With her first live DVD, Leona Lewis solidifies her angelic image. The Labyrinth Tour – Live at the O2 captures her summer 2010 tour of the UK in all its glittery glory, capturing the vocalist in a vivid, fantastical set.
While other popstars are intensely concerned with put-on sexuality or gritty imagery, Lewis is gentle fantasy. Her Labyrinth tour, a collaboration with William Baker, exemplifies Lewis’ innocence and curiosity about the world around her. The set designs are gauzy and magical. Dancers fit nicely, gliding with artistic flair rather than obnoxiousness.
Lewis is cordial and cheerful, often grinning from ear to ear and chatting with the crowd. She appears to be sincerely enjoying every single moment on stage and tenderly commits to every song, belting out an assortment of upbeat pop tunes and soft, billowing ballads.
The DVD is well-directed, capturing beautiful angles of Lewis as she sings.
Close-ups of her hands help draw us in to her emotional, understated version of “The First Time Ever I Saw Your Face,” while rapid zooms and broad movements capture the frantic mood of Lewis’ video interlude of Michael Jackson’s “They Don’t Care About Us.” Plenty of shots of the starry-eyed crowd deepen the experience.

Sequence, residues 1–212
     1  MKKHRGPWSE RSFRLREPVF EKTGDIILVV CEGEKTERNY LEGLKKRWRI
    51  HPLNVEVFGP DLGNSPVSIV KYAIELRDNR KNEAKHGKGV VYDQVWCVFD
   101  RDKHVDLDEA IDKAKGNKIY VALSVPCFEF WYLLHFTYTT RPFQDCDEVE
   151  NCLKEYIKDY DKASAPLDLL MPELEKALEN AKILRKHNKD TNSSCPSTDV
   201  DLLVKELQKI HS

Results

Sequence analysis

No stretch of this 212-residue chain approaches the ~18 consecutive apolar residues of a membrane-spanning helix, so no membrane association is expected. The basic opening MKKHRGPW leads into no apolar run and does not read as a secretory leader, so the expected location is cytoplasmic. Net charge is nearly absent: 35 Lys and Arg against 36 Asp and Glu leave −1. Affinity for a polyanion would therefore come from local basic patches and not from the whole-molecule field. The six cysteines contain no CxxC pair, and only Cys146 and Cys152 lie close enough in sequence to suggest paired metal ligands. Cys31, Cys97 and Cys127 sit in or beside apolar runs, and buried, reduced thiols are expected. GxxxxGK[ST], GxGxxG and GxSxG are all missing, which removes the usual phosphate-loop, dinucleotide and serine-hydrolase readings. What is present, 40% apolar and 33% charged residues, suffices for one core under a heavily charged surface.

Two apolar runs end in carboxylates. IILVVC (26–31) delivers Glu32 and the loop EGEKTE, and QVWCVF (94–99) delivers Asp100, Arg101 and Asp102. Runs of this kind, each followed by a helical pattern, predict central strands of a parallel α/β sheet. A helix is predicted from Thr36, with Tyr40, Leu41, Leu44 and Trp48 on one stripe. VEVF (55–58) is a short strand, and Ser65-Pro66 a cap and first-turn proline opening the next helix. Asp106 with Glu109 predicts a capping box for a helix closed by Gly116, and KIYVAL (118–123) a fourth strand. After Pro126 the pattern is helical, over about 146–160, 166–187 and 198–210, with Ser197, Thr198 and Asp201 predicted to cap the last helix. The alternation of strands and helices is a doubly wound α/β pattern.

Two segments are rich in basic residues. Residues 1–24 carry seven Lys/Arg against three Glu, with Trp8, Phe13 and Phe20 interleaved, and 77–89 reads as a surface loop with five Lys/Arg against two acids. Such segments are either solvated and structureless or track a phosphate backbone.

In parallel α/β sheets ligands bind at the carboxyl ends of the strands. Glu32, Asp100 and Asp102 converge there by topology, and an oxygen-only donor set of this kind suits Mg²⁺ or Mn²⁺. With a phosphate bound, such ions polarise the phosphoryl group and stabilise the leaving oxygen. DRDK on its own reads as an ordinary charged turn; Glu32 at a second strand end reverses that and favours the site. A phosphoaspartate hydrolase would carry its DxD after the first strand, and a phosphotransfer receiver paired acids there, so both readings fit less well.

After a video intro that pulls us into the bewitching elements of her imagination, Lewis walks out of the fantasy and into our lives with “Brave.” The scene is dazzling, with the camera capturing one particularly excited youngster immersed gleefully in the moment.
Continuing her tour of what pop dreams are made of, Lewis rolls through tracks like “Better In Time,” “Can’t Breathe,” “Happy,” and other hits. A stripped-down cover of Justin Timberlake’s “Cry Me a River” is a nice touch, as is her stunning, spine-tingling cover of Snow Patrol’s “Run.” The latter is set to a sea of cell phone lights and waving arms.
It’s hard not to feel at least a little comforted when she launches into the lush “I Got You” on a white rope swing clad in a heavenly dress. And, of course, there’s proof that “Bleeding Love” can really rock a capacity crowd.
The standard DVD version of the set includes a CD of ten songs from the show. The letdown is that there aren’t any bonus features to feast upon.
All in all, Lewis’ first live DVD is a treat. She solidifies her image, approaching the songs with every ounce of grace she’s capable of. The show is beautifully designed, providing a rare treat that can be enjoyed comfortably with every member of the family. Leona Lewis isn’t the most inventive popstar out there, but she’s certainly one of the most purely enjoyable.